How Dryland Swim Training Benefits All Skill Levels And Ages

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It’s well-known that dryland swim training is a great benefit to competitive swimmers. But what can it do for beginners and adult-onset swimmers?

We asked two experienced coaches for their advice on the subject and both agree that dryland swim training can benefit any athlete, age and fitness level. Tim Crowley – Head Strength and Conditioning Coach at Montverde Academy and former U.S. Elite Coach of the Year, and Stew Smith – fitness author, former Navy Seal, and trainer for the U.S. Naval Academy and Special Ops Teams, had plenty of real-life examples to tell us about.

Teaching new swimmers

“I can get anybody in the pool, and after 30-40 minutes of teaching, can get them to swim 25-50 yards and look good,” says Crowley. “But ask that same person to swim 1000 yards and their stroke falls apart. On a Vasa SwimErg, I know when neuromuscular fatigue sets in and when the athlete’s stroke is going to fall apart. And we can work on improving that outside of the pool.”

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New swimmers can build strength and stamina on land using swim training equipment like Vasa to help them become more confident and stronger swimmers in the water; Photo Courtesy: Vasa Trainer

Beginner swimmers are often stressed out by swimming in the water.  Crowley says that for those athletes, in particular, it’s hugely beneficial to make progress by doing dryland swim ergometer training. “Athletes new to swimming are often too concerned about getting the next breath,” he says. “Building strength and stamina on land by using a Vasa can help them develop the swim muscles so that when the swimmer gets in the pool they swim well because they’re both strong and confident. The motion is familiar even if the medium is not.”

Swimming as a life skill

“Swimming is a survival skill every human should have, ” says Smith. “It’s a fitness training tool, but it can keep you alive and effective in our world that is 75% covered with water. And as far as the military goes, you don’t need to be a world-class swimmer to join special ops programs.  You just need to be a proficient swimmer. Knowing how to swim can save the life of someone you know.”

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Swimmers, from beginning to elite, need swim-specific training out of the water. Photo Courtesy: Vasa Trainer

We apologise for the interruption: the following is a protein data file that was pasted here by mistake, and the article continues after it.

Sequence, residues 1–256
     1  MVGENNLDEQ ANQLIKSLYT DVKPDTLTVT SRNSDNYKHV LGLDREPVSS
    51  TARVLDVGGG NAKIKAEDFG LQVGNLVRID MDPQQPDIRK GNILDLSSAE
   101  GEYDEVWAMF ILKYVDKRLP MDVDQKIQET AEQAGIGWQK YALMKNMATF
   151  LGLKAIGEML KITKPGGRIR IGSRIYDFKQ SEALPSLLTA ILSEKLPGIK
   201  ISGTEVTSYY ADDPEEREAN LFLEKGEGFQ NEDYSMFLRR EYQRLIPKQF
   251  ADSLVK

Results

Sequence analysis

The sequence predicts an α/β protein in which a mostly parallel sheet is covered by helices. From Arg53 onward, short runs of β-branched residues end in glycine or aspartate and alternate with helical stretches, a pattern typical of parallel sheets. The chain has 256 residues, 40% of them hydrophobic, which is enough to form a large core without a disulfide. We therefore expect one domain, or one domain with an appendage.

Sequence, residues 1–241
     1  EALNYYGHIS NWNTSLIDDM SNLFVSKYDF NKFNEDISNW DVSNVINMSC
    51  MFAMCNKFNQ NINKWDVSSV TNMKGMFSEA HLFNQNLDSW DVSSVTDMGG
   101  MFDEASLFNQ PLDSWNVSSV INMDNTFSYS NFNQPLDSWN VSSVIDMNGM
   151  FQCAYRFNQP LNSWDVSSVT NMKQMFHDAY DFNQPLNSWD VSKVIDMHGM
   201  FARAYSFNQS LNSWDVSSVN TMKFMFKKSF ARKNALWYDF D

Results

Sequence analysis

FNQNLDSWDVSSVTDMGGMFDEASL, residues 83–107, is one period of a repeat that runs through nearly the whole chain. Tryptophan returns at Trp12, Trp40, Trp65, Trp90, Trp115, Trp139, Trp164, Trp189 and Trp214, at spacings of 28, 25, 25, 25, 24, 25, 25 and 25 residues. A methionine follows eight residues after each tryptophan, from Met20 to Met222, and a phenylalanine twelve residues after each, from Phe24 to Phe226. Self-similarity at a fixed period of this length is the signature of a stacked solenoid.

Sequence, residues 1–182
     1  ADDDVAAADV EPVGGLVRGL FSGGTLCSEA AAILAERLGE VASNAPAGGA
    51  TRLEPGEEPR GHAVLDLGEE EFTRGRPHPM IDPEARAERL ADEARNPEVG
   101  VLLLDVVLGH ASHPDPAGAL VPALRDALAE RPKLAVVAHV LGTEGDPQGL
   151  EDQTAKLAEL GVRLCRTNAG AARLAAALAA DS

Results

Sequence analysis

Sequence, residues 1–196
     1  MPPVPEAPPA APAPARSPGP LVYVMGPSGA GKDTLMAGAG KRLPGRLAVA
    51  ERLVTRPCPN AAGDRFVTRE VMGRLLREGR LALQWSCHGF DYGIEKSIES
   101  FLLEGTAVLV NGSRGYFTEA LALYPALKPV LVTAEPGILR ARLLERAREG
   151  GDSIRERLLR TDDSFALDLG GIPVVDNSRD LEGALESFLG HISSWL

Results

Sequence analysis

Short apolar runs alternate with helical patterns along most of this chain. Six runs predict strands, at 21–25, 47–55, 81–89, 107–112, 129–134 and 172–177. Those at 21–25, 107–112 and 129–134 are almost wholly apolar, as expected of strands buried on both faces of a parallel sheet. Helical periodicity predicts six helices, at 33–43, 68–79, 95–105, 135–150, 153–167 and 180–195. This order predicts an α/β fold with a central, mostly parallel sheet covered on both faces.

For Coach Crowley, swim-specific training isn’t just learning to tread water, easy side stroking to unwind or even mindlessly swimming endless laps in the pool. Crowley, who trains athletes from amateurs to the elite level, says there are various ways to approach swim-specific training.  Those include pool workouts, weight room sessions and using dryland swim training equipment like the Trainer Pro, all of which can help athletes improve and manage their overall training.

Swimming for fluid movement

Smith puts his athletes and himself in chest-deep water in the pool to work on mobility. “It’s heavenly,” says Smith. “I started in my 40s. Now that I am in my 50s, it’s a staple of my workout.”

He also makes it a staple for the military athletes who comprise most of his clients. “I like to use swim training, in or out of the water, as a recovery tool. If I get an army guy who just got through a long run, I put him in the pool to recover from that trauma.”

And when there’s no pool at hand, he uses dryland swim training the same way. “I love the weightlessness and natural compression of water,” says Smith. “But you can get many of the same muscular and skeletal benefits of being in the water using a Vasa SwimErg.”

Swim training for balanced conditioning

“Most sports are lower body dominant,” says Smith. “Swimming is great for balancing upper-body & lower-body conditioning.  In a perfect world, swimming should be a part of every athlete’s training program. I enjoy it, especially as I age because there is no impact. I leave a swim workout and there’s no pain like there is after running, high rep calisthenics or weight lifting – everything feels great.”

If You Like This Article You May Also Like: Total Body Swim At Home Workout: Core, General Conditioning, and Swim-Specific Training | 4 Ways Swim-Specific Dryland Training Improves Performance | How to Train for Swimming When You Can’t Get to the Water

 

The above article was posted by Swimming World in conjunction with Vasa Trainer.  For information about advertorial and advertising opportunities, please contact advertising@swimmingworld.com

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